Markets were dominated last week by the Russian invasion of Ukraine, but of course what is of considerably more importance is the human tragedy that Putin’s actions have unleashed. In circumstances such as these, which are unfortunately far from unprecedented, it always feels inhumane to talk about markets and profit whilst people are literally fighting for their lives.
However, it is our job to interpret the unfolding events such as those of the last few days, and we have had an increasing number of advisers asking for our opinion on the impact to markets.
Initial Reaction and Rebound
Following initial declines of 3-4%, and perhaps surprisingly given the deteriorating news flow, the major markets rebounded and regained the bulk of their losses. However, following further developments over the weekend, many markets were lower by Monday morning, but Asia had largely bucked this trend.
Global equities ended the week 0.5% down in local currency terms and were actually up 0.5% in sterling terms. US equities ended the week 1% higher, while UK equities were down 0.5%, and European equities unsurprisingly suffered most, falling 2.6%.
A similar story of initial investor panic followed by a return of relative calm was played out in other markets. The oil price spiked as high as $105 before retreating slightly below the $100 mark. Similarly, gold briefly rose to $1975 but ended down a little over the week. As for government bonds, yields fell initially, benefiting from the rush to safe havens, but ended the week slightly higher. In the brief periods of recent Ukraine centric optimism, markets quickly turned back to analysing potential interest rate hikes, mainly focusing on the US.
Finally, Russian equities have recovered some of their losses but remain down some 30% over the week. However, Russia accounts for less than 3% of the emerging market equity universe and should have little bearing on the region’s performance going forward.
The quick rebound in equities came despite the Russian attack being considerably more severe than had initially been expected. In part, the rebound may just reflect short covering by investors. But importantly, the sanctions announced by the west were not as hard-hitting as anticipated. Notably, they did not immediately exclude Russia from the SWIFT international payments system and did not target energy supplies. With 30-40% of European oil and gas coming from Russia and Ukraine, this was a major relief. The cold hard truth is that investors are taking comfort from the fact that the crisis looks unlikely to derail the global economic recovery.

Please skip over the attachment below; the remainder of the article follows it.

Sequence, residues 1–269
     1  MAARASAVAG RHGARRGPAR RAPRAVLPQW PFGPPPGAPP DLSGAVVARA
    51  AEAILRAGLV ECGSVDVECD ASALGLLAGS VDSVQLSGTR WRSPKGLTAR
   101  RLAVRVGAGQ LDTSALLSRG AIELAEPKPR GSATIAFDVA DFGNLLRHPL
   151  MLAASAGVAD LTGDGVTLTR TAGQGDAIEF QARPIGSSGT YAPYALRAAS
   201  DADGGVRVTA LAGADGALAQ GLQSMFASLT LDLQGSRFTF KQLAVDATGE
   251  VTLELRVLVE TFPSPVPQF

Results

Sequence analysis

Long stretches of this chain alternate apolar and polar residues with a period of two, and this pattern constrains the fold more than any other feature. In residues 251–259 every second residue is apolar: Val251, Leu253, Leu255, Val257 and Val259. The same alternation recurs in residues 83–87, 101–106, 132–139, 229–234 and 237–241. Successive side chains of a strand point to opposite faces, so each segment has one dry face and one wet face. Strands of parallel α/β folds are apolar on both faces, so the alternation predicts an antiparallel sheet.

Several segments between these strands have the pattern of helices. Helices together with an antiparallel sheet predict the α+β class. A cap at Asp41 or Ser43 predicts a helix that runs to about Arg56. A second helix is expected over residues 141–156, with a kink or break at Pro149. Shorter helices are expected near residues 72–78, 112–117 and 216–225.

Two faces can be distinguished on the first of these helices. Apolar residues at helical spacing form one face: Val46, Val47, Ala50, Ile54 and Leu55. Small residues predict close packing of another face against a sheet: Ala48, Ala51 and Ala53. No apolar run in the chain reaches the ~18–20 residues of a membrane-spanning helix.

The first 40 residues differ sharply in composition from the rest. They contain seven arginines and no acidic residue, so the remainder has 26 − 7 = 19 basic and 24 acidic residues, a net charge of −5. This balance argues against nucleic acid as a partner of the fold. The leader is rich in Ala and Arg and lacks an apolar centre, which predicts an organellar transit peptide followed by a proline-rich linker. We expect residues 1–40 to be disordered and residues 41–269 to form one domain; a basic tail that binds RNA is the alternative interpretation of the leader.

What Next for Markets?
As yet, the market fall pales beside the 30-35% Covid sell-off and is also smaller than the 15-20% decline caused in late 2018 by Fed tightening and the China-US trade war. Last week’s bounce certainly does not mean equities could not yet turn south again and hit new lows.
For the previous eighteen months, we predicted oil would exceed $100, that was based on the investment decisions made over the last decade and the failure to consider the realities of the energy transition. A protracted confrontation will further exacerbate the difficulties in the oil supply and demand narrative. This, in turn, could create a surge in inflation and increase the squeeze on real incomes. It would also increase worries of a wage-price spiral and mean central banks would potentially stick to their tightening plans even if equity markets fell further. Indeed, the Fed and the Bank of England would still appear very likely to raise rates by 0.25% at their meetings in mid-March. However, the Ukraine crisis may dissuade them from any plan to increase rates by 0.5%.
All the same, monetary tightening may not prevent equities from seeing gains, especially in areas of the world whose markets had not been propelled to historically high levels as measured by metrics such as the CAPE ratio. Some market turbulence is the norm when central banks start raising rates, but equities usually resume their upward trend within a few months. Even with the increases planned over the coming year, rates should remain low by historical standards, and economic growth can retain its strength.
Similarly, the experience of past military conflicts is that the associated equity market falls have tended to be relatively short-lived. Even in the Gulf War of 1990, when markets fell 15-20%, they had regained all these losses within six months.
Our Portfolio Positioning
Our conclusion, therefore, remains the same as it has been in the last two market drawdowns, which were the Powell pivot in Q4 of 2018 and the Covid drawdown of February/March 2020. In purely market terms, each crisis delivers an opportunity as the reaction to news flow leads to waves of risk asset sell offs, which can often be seen as somewhat irrational in hindsight. We do not believe it is possible to time markets, though it is certainly possible to make decisions that can appear insightful when they were often far more down to luck.
Now more than ever, clients need a balance in their portfolios with broad-based diversification. For example, after the non-Ukraine related market movements of the last two months, we feel that there are both risks and opportunities in the growth and value styles. We had already positioned clients’ portfolios accordingly, and we think these are the kind of areas where we can add value.
As we all hope for a mercifully short conflict and a swift resolution to a war that is already causing so much suffering, our thoughts are, first and foremost, with the people of Ukraine. As ever, markets will move on to the next crisis and we will face the same investing dilemmas all over again, at which point, our response will most likely be the same as well.
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